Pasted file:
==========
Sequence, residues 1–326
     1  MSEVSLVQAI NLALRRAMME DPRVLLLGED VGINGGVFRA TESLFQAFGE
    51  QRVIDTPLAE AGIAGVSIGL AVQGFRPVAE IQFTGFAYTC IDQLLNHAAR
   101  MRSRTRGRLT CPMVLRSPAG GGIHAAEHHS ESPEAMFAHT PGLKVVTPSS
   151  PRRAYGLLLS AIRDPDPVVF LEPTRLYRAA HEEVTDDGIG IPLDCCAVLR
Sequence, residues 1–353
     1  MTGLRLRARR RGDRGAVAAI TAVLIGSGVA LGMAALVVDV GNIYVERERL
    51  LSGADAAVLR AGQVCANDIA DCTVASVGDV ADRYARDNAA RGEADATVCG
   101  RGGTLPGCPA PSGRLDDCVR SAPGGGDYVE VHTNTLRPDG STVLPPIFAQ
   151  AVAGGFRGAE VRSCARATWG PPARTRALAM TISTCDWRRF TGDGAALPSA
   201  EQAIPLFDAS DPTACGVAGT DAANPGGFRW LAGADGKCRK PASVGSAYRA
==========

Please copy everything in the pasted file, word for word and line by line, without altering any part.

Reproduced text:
Sequence, residues 1–326
     1  MSEVSLVQAI NLALRRAMME DPRVLLLGED VGINGGVFRA TESLFQAFGE
    51  QRVIDTPLAE AGIAGVSIGL AVQGFRPVAE IQFTGFAYTC IDQLLNHAAR
   101  MRSRTRGRLT CPMVLRSPAG GGIHAAEHHS ESPEAMFAHT PGLKVVTPSS
   151  PRRAYGLLLS AIRDPDPVVF LEPTRLYRAA HEEVTDDGIG IPLDCCAVLR
Sequence, residues 1–353
     1  MTGLRLRARR RGDRGAVAAI TAVLIGSGVA LGMAALVVDV GNIYVERERL
    51  LSGADAAVLR AGQVCANDIA DCTVASVGDV ADRYARDNAA RGEADATVCG
   101  RGGTLPGCPA PSGRLDDCVR SAPGGGDYVE VHTNTLRPDG STVLPPIFAQ
   151  AVAGGFRGAE VRSCARATWG PPARTRALAM TISTCDWRRF TGDGAALPSA
   201  EQAIPLFDAS DPTACGVAGT DAANPGGFRW LAGADGKCRK PASVGSAYRA